One single reliable warhead fired by North Korea could destroy densely populated cities, killing millions.

Those who aren't killed in a nuclear blast would be left with devastating injuries while their cities would be flattened with vital infrastructure destroyed.

A detailed analysis by 38 North, at the US-Korea Institute at Johns Hopkins School of Advanced International Studies, has revealed what would happen if Kim Jong-un did the unthinkable and actually fired a nuclear weapon, reports News.com.au.

In A Hypothetical Nuclear Attack on Seoul and Tokyo: The Human Cost of War on the Korean Peninsula, Michael J Zagurek paints a terrifying picture of the damage it could cause.

Advertisement

Assuming North Korea has 25 operational nuclear weapons with warhead yield ranges from 15 to 250 kilotons timed for airburst at optimal altitude, Zagurek runs through seven different scenarios.

The warhead yield ranges are based on current and possible future capabilities and the estimates of casualties were also based on the size of the city and population density.

In the most extreme estimate of a 250kt weapon being used, Seoul and Incheon which has a combined population of 24,105,000 would have 783,197 fatalities, and 2,778,009 injuries.

Tokyo and Yokohama with a combined population of 37,900,000 would have 697,665 fatalities and 2,474,627 injuries.

Maps showing four blast areas from a 250 kt airburst detonation also show how far the fallout and blast would reach.

North Korea has launched 98 ballistic missiles since 2011, including 19 this year.

However it remains unclear exactly how many warheads it possesses and how advanced they are.

Nuclear disarmament campaigner John Hallam said the analysis was fairly authoritative.
Mr Hallam speculated the DPRK (Democratic People's Republic of Korea) had between 40 and 60 warheads.

North Korea has fired off 19 ballistic missiles this year, sparking global condemnation. Photo / AP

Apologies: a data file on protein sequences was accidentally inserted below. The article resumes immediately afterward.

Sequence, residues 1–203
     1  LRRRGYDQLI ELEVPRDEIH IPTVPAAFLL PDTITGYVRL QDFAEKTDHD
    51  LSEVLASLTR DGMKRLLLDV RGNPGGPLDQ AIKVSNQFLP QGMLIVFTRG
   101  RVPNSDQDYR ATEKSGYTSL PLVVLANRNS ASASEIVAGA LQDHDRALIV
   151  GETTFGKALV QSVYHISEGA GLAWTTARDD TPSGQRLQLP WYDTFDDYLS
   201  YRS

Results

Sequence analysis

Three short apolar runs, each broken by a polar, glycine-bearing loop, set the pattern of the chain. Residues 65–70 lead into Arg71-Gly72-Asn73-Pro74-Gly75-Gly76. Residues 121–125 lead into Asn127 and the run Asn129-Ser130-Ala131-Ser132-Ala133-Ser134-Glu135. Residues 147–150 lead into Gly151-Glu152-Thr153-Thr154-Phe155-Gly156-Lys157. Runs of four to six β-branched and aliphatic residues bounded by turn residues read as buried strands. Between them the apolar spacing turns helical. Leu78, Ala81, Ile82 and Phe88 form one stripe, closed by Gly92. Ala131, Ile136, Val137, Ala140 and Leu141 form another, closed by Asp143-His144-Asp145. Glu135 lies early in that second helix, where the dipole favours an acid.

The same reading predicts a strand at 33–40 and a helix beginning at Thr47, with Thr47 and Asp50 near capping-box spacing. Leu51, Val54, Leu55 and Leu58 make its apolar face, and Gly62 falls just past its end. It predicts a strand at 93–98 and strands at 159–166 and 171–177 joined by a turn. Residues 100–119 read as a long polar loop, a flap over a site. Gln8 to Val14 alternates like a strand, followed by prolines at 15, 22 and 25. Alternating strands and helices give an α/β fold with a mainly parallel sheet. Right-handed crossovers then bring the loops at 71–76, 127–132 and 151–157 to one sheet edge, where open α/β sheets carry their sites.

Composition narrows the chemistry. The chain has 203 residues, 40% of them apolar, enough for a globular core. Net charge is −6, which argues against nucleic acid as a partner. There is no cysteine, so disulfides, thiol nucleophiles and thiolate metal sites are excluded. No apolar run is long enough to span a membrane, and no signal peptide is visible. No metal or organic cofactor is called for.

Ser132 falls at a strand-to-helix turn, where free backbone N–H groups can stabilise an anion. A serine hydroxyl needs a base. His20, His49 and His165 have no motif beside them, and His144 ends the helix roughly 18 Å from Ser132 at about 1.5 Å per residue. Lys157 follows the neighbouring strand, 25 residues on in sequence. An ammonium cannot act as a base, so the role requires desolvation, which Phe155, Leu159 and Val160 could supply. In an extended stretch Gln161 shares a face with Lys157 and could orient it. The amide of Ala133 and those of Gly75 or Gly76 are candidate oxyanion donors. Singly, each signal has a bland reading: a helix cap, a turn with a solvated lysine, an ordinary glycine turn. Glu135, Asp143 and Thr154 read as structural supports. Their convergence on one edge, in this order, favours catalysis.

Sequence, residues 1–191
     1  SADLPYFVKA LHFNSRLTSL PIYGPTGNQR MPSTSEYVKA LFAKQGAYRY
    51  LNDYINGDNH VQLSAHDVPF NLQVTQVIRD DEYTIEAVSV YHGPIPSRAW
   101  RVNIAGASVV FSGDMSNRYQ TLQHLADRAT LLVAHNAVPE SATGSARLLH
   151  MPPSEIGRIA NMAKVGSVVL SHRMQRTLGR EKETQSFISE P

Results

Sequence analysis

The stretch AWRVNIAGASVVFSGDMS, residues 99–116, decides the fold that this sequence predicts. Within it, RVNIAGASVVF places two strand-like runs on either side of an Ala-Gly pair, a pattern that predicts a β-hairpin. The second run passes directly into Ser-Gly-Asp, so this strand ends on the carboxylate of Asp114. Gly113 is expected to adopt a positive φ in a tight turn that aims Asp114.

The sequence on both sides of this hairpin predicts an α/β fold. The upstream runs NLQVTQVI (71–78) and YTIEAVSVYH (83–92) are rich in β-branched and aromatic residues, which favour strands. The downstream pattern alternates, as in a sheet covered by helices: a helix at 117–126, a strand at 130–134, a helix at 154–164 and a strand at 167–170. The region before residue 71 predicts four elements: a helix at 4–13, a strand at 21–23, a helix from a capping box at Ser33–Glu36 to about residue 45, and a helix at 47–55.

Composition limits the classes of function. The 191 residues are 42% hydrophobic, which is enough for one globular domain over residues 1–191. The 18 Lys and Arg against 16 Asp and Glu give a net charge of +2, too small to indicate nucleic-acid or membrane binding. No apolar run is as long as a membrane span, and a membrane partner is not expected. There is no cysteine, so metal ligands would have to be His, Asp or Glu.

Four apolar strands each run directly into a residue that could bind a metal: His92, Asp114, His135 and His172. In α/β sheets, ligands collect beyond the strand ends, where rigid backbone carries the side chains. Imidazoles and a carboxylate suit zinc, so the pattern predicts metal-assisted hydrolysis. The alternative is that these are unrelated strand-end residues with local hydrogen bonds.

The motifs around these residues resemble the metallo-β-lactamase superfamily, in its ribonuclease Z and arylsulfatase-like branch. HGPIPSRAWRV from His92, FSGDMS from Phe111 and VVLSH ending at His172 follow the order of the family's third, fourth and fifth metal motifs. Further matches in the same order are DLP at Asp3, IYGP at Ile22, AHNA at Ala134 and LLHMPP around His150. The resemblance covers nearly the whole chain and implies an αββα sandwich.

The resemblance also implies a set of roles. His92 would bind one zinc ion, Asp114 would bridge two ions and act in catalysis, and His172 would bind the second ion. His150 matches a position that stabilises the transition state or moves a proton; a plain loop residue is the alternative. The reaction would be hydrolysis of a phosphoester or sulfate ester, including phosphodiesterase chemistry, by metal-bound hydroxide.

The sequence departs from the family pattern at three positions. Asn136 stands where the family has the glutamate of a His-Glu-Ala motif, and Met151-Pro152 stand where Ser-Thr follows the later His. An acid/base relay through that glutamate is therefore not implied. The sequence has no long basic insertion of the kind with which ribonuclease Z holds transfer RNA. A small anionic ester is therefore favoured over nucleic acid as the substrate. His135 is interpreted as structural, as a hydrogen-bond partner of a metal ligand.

North Korea has fired off 19 ballistic missiles this year, sparking global condemnation. Photo / AP

He also said he believed it will be a while before North Korea hit its nuclear goals.

"I'm also inclined to think that it will be a while before they fit a 250Kt warhead to more than one or two rockets," he said.

"So 38 North analysis being based to a large extent on smaller warheads is not unreasonable - but the number of larger warheads will clearly rise over time."

Mr Hallam said it was reasonable to assume Seoul and Tokyo were obvious targets but the analysis didn't include an ability to strike US west coast cities.

"If that ability does exist, then it's also possible for them to strike Sydney, which doesn't mean they necessarily will - the highest priority target in Australia, indeed almost in the world - is Pine Gap, critical for US command and control," he said.

"If US cities become part of the equation which they will in a year or two if they are not now, then that body count will be higher."

He also pointed out the analysis didn't take into account US President Donald Trump's threat to wipe out the DPRK, which would increase the body count even further.

Mr Hallam said there would also be fallout which would also add to the huge casualty toll.
"It would be necessary to take into account the effects of fallout drifting in one direction all over South Korea, and in the other direction, into Manchuria," he said.

"Maybe once Seoul has been levelled, which can be done without use of nukes at all, a little fallout from the rubble bouncing in the DPRK is of lesser consequence, but it needs to be taken into account somehow."

Meanwhile Mr Trump said his administration's goal was for North Korea to denuclearise.

"We cannot allow this dictatorship to threaten our nation or our allies with unimaginable loss of life," he said.

"We will do what we must do to prevent that from happening. And it will be done, if necessary, believe me."

The President had been discussing Iran and North Korea with US military leaders and posed for a photo with them before declaring the moment "the calm before the storm".

"You guys know what this represents?" Mr Trump said after journalists gathered in the White House state dining room to photograph him and First Lady Melania Trump with the uniformed military leaders and their spouses.

"Maybe it's the calm before the storm," he said.

When asked what storm, Mr Trump replied: "You'll find out."